- Published on Monday, 21 December 2009 14:00
- Written by John Draper
- Hits: 1555
A report in the Daily Telegraph says that the number of murders, rapes and assaults on people who dare to break strict religious or cultural rules is doubling every year with up to two violent "honour crimes" being committed every day.
But charities which help victims of honour crimes say the true extent of the problem is far worse than the police figures show, as every year hundreds of victims - normally women - are too frightened to report attacks or to give evidence in court.
This was highlighted recently after a jury at London's Old Bailey convicted Mehmet Goren, 49, of the cold-blooded and premeditated murder of his 15-year-old daughter Tulay after she fell in love with someone from the "wrong" branch of Islam.
Miss Goren disappeared 10 years ago after telling a friend she might be pregnant but justice caught up with her father after his wife "courageously" testified against him and lifted what was described as the "cloak of secrecy" which surrounds honour crimes.
A prosecutor said the case was a "wake-up call" to the authorities over the extent of the problem in this country, which campaigners say is growing because of the rise of religious fundamentalism.
Miss Goren and her family had nine contacts with police in the days before her death, during which they complained of violence by Goren, but officers had little understanding at the time of the concept of honour crimes and she was left at the mercy of her father.
The court heard that Miss Goren, whose Turkish Kurd family are Alevi Muslims, was drugged, tortured and then killed by her father after she fell in love with a Sunni Muslim twice her age. Her body has never been found.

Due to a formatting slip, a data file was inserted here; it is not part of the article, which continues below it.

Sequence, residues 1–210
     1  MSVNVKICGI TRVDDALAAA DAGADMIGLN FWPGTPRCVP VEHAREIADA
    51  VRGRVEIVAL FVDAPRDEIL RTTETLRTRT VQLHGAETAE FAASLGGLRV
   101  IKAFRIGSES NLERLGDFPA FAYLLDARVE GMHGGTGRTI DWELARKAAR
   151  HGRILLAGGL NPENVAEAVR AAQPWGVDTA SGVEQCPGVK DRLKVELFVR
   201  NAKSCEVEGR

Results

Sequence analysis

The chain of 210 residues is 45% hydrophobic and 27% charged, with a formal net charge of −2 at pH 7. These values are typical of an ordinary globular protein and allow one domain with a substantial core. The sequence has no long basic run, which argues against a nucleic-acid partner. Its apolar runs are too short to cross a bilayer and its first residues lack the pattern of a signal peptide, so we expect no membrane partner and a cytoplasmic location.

Goren, who adhered to what one police officer described as "outdated feudal beliefs", was sentenced to serve a minimum of 22 years in jail as the trial judge condemned the "hideous practice" of so-called honour killings.
She expressed fears for the safety of her mother Hanim, whose evidence against Goren had put her own life in danger. "No one should fail to realise what this means within our culture," she said.
"These people do not forget."
Figures released by the Metropolitan Police show that in London alone there have been 129 honour-based crimes between April and October this year, compared with 132 in the whole of 2008/09, which in turn was double the number of the previous year.
The Home Office has estimated that there are an average of 12 honour killings each year in England and Wales.
But Diana Nammi, director of the Iranian and Kurdish Women's Rights Organisation, described the official figures as "the tip of the iceberg" and suggested there are more than 500 honour crimes each year nationwide.
She said: "It's not just the detection of honour crimes which is increasing, but the number of crimes which are committed. The rise of fundamentalism is the reason these crimes are increasing. The Government has also been turning a blind eye to the problem, which only makes things worse.
"We need to change the mindset of the communities where these crimes are happening - mainly people from South Asia, the Middle East and Muslim communities - and hopefully the religious leaders will think about how we can stop this."
Detective Chief Inspector Gerry Campbell, of the Metropolitan Police, said officers were now trained to recognise potential honour crimes, and that awareness of the problem has "significantly improved", though he insisted the force was not "complacent" about the ongoing problem.
Maybe, just maybe, they are waking up in England. By "they" I mean the community at large - it seems the Police are now awake.
The next step is to get Canadians to realize how serious this problem is. But that's why I report these facts on this site.